A couple of weeks back we had a suddenly hint of summer. My girlfriend phoned me and asked if I wanted to meet her at a nearly riding centre to look at the horses and then walk in the large park nearby. Since it was the first day of weather this year that did not need a jacket to be worn, I dug out a pair of shorts. “Shorts” is a fairly loose description for these, since they are about knee length on my long legs. Not quite shorts, not trousers and not quite long enough to be breeches. My Brazilian girlfriend asked what such trousers were called in English and I was at a loss to give her a satisfactory answer. Whatever they should be called, they are however incredibly comfortable to wear. My lady was of the opinion that they actually looked quite good worn with my boots. I ended up telling my girlfriend about “Bombay Bloomers”. While this can be a generic term for the substantial shorts worn by soldiers of the British Empire, the most notable sort were these shown worn by this Gurkha:
As you can see, the shorts have substantial turn ups and in these examples they are secured in place with buttons. The idea was quite ingenious. When the temperature dropped at night and the mosquitos became a nuisance the wearer could roll down the cuffs for more protection. Likewise, if the soldier had to operate where thorns or leaches were a hazard, he rolled the cuffs down. I have seen such shorts/ trousers tucked into the tops of socks or gaiters. Some examples were evidently long enough to reach the ankle.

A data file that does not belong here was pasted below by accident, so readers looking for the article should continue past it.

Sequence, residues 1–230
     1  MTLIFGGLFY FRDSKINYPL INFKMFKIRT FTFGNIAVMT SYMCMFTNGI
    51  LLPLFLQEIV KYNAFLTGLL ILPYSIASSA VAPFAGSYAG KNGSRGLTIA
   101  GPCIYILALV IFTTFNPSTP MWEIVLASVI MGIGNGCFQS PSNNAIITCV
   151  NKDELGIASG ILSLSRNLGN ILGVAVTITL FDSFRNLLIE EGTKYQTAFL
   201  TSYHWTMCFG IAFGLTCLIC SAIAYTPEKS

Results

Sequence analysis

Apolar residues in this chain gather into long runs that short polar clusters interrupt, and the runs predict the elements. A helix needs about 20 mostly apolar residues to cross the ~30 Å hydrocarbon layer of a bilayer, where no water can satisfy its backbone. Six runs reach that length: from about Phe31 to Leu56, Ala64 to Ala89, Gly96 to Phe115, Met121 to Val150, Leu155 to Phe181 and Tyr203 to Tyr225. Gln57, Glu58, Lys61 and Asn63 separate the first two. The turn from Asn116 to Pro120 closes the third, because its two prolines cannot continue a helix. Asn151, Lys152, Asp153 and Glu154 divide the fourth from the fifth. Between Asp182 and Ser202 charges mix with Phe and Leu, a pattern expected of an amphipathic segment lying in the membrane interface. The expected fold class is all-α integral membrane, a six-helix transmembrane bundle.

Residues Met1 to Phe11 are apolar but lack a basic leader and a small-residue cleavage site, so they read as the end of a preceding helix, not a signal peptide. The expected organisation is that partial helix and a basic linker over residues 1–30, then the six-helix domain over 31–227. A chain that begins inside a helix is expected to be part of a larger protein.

The famous outdoorsman, Horace Kephart, in “Camping and Woodcraft” (1917) notes that:
“To wear with leggings the ‘foot breeches ‘ of our infantry, which lace or button in front below the knee, fit better than trousers that must be lapped over; but for wilderness wear I prefer common trousers cut off about six inches below the knee: they are easier to put on and they dry out quicker.”
“Plus-sixes” have much to recommend them for outdoor use, particularly if they also incorporated the idea behind the Bombay Bloomers. This would require the breeches to be quite roomy in the thigh, but there is nothing wrong with that. It lets the air circulate and reduces the tendency of trousers to drag to the knees on a hot day when walking uphill. Many soldiers now use kneepads but the cut of their trousers necessitates them being worn outside, compromising both camouflage and air circulation. Loose Plus-sixes that can be turned up to act as shorts would be far more practical and comfortable.